2021 Student Prize Recipients


Since 2008, the American Cultures Student Prize has recognized and celebrated undergraduate achievements within American Cultures courses. The prize is awarded annually to undergraduates for projects they develop in an American Cultures course that promotes understanding of U.S. race, ethnicity, and culture and exemplifies a standard of excellence in scholarship.  Prior award-winning submissions have included essays, poetry, films, reflection statements on live performances, among other work produced for American Cultures courses. 

2021 Recipients of the American Cultures Student Prize

Morgan Su

The Dreamers

ESPM 50AC, “Introduction to Culture and Natural Resource Management” Instructor: Dr. Kenneth Worthy

"It was only after twenty full years of my life that I was first taught about a fully-fleshed, Asian-American story rather than an over-simplified SparkNotes equivalent: I was taught about false promises, adamant hope, mortifying discrimination, and fervent perseverance.

I wanted to highlight this narrative of strength—this adamant cry for equality and the consequent foundations laid through both metaphorical and historically significant imagery. The main focus of the painting, the woman, symbolizes the resistance of Chinese migrants against an institutional effort to erase them from history." 

Nina Narahari, Salomé Ragot & Sydney Pon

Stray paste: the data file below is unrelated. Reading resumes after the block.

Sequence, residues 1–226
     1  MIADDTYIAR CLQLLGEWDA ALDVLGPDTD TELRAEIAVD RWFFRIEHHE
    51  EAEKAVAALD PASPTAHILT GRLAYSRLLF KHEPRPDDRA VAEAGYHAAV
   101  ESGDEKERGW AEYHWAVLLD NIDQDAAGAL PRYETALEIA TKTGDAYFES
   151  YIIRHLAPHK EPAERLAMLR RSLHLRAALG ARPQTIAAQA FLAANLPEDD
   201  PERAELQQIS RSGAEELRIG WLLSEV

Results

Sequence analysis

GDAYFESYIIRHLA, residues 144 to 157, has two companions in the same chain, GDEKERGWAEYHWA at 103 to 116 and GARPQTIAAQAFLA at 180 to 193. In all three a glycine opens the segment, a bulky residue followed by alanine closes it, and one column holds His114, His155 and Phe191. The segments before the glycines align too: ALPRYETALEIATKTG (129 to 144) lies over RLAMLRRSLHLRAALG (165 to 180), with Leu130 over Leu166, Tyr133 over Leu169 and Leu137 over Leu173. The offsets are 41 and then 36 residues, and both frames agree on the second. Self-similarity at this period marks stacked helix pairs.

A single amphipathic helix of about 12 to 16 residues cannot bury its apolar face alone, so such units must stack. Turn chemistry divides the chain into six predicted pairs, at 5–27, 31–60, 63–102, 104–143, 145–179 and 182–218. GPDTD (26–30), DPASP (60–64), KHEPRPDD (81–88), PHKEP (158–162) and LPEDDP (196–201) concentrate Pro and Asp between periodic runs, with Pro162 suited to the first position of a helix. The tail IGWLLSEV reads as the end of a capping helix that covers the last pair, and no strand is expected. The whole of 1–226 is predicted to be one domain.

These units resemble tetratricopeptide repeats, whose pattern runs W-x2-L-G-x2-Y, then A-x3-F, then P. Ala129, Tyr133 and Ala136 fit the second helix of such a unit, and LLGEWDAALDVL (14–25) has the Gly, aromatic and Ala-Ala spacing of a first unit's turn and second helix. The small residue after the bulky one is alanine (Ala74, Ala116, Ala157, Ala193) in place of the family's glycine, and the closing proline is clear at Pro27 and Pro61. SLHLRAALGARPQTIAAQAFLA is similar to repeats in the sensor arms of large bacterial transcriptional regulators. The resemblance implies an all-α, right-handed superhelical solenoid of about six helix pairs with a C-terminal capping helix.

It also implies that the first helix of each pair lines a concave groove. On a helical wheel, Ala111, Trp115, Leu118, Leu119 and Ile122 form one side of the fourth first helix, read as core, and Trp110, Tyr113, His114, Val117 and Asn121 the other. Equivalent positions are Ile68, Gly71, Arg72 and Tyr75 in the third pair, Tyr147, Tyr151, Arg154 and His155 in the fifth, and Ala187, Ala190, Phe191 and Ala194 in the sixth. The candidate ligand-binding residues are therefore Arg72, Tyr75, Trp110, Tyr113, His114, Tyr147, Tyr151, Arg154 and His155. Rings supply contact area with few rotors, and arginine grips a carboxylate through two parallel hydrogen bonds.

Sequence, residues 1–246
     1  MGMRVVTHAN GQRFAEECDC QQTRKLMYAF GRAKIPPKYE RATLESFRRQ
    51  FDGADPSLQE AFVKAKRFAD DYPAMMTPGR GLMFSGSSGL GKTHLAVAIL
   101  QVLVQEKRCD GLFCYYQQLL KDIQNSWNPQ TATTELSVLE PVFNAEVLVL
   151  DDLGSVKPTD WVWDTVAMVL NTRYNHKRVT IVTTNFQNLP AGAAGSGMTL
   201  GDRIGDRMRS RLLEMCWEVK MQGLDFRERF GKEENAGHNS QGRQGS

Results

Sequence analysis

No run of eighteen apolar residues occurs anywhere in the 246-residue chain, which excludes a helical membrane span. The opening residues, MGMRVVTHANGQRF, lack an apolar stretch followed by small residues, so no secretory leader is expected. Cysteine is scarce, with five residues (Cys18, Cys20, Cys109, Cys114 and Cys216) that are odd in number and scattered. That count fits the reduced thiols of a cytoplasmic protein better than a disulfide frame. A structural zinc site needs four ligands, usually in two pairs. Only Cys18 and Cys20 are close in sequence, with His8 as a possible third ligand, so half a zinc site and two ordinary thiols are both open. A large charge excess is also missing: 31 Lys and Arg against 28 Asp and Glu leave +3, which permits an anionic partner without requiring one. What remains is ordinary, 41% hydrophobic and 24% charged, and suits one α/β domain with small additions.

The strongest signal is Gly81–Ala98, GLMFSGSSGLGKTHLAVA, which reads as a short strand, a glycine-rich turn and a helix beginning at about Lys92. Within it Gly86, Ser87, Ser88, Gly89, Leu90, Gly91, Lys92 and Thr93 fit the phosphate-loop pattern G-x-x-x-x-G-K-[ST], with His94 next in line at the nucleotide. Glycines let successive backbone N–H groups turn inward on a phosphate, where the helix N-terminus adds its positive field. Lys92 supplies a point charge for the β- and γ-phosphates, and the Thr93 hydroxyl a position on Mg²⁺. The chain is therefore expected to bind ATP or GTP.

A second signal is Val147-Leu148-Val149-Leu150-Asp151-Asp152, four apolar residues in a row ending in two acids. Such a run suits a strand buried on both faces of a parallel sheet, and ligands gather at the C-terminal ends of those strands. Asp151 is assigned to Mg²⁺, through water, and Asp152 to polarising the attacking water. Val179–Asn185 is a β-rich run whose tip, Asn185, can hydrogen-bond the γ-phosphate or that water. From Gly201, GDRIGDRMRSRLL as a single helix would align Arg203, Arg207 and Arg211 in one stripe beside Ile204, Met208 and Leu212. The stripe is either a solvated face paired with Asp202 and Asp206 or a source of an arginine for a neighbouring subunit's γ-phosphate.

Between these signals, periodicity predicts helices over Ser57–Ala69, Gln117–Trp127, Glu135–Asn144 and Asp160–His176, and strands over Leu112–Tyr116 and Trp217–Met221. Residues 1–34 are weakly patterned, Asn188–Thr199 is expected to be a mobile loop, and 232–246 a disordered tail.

Submission: "Responding to COVID-19: Immigrants Face Major Barriers to Accessing Essential Services in the SF Bay Area"

Sociology 146AC, Contemporary Immigration in Global Perspective Instructor: Professor Irene Bloemraad

"Where can immigrants turn to for help during the pandemic? What barriers do they face in accessing necessary services? This brief summarizes key issues around immigrant service provision in the San Francisco Bay Area in the context of COVID-19, from economic aid to food assistance. It shines a light on the structural inequities that immigrants face, especially those who are low-income. In particular, the brief highlights seven key challenges: barriers to accessible healthcare, employment and housing vulnerabilities, obstacles to obtaining economic assistance, fear over using public benefits (even when eligible), going hungry, language barriers, and the digital divide." Read Report.